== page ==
Art Interpretation – Exercise #13

By Brenda Moore-McCann

Q1. Describe what you see as accurately as possible.

Q2. Have you ever seen a medical recording presented like this?

Q3. What might be the significance of the wire coming from the bottom of the box?

Q4. Can you speculate what might be a context for this box hanging on a wall?

For the answers, click here.

The thumbnail image for this exercise is:

Portrait of Marcel Duchamp (1920-21) by Man Ray

Gelatin Silver print

Yale University Gallery

( Public domain U.S.A.)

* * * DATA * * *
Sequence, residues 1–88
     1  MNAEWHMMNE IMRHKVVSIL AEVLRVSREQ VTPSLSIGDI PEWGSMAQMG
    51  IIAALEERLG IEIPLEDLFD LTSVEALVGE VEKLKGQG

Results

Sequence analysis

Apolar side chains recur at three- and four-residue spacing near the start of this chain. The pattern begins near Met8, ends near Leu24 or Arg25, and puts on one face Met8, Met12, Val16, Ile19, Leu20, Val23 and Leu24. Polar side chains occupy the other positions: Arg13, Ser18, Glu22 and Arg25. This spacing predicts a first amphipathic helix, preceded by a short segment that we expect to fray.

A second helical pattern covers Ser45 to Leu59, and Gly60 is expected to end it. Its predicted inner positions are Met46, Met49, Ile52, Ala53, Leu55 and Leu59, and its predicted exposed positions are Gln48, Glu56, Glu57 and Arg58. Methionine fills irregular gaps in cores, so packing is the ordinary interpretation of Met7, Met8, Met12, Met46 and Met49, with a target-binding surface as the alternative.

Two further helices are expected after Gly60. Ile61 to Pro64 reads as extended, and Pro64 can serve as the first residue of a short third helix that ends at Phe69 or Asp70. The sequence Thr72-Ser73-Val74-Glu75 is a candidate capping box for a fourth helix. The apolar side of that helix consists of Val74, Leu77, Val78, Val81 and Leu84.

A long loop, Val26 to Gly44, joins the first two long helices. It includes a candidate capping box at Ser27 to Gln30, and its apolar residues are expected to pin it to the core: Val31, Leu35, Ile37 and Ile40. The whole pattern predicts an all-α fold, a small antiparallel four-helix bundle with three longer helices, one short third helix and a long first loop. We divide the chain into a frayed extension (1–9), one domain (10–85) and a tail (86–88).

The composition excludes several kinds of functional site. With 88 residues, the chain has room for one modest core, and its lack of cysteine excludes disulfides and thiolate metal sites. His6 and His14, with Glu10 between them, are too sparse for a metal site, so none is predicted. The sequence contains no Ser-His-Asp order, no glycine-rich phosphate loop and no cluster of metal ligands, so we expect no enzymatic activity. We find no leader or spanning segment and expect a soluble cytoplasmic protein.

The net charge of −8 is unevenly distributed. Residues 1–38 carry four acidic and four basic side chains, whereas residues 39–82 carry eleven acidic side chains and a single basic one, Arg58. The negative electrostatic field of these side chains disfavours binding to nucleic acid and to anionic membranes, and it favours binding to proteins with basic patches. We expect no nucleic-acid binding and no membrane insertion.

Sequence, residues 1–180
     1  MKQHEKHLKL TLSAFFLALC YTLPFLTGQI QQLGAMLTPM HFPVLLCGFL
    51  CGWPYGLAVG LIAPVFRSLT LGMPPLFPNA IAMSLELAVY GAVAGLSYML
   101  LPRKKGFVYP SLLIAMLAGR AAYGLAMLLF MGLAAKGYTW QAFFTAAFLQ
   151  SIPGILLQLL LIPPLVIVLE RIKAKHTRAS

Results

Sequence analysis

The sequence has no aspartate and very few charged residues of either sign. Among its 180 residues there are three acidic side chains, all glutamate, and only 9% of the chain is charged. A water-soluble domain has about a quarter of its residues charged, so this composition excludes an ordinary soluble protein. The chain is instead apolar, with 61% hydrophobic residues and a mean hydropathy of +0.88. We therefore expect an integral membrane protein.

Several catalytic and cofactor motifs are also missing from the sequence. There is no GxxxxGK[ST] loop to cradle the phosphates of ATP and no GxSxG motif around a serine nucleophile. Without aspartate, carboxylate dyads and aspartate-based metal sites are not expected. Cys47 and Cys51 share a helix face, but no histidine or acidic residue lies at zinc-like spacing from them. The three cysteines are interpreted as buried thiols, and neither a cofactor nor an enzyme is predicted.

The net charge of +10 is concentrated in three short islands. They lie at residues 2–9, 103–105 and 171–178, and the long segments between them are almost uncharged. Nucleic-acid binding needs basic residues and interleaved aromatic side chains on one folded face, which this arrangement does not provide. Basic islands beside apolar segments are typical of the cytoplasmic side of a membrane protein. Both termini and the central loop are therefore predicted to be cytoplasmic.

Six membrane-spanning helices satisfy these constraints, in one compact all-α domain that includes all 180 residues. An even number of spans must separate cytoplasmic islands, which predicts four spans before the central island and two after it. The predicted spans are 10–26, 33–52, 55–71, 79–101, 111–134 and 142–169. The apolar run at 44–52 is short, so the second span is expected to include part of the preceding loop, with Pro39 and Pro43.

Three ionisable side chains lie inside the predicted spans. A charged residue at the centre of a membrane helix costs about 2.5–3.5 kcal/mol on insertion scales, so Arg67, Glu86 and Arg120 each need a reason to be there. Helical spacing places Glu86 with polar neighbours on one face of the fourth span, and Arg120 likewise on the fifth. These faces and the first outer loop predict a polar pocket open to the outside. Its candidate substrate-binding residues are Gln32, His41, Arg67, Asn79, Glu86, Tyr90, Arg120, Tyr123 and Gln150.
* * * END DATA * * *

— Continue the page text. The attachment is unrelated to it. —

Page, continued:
Marcel Duchamp ( 1887-1968) was a French artist, chess player and writer. He was the founding father of Conceptual art which was influential in shifting the idea of art from a primarily visual experience towards broader concepts which often dispensed with art as a painted or sculpted object. One of his most famous works was “Fountain” (1912), an ordinary urinal presented as an artwork and signed ‘R.Mutt.’ As one of his ‘readymades’, its purpose was to challenge traditional ideas about art, including the inherent value of an art object. After Duchamp, the context of art in any medium, gained greater importance than art as an object.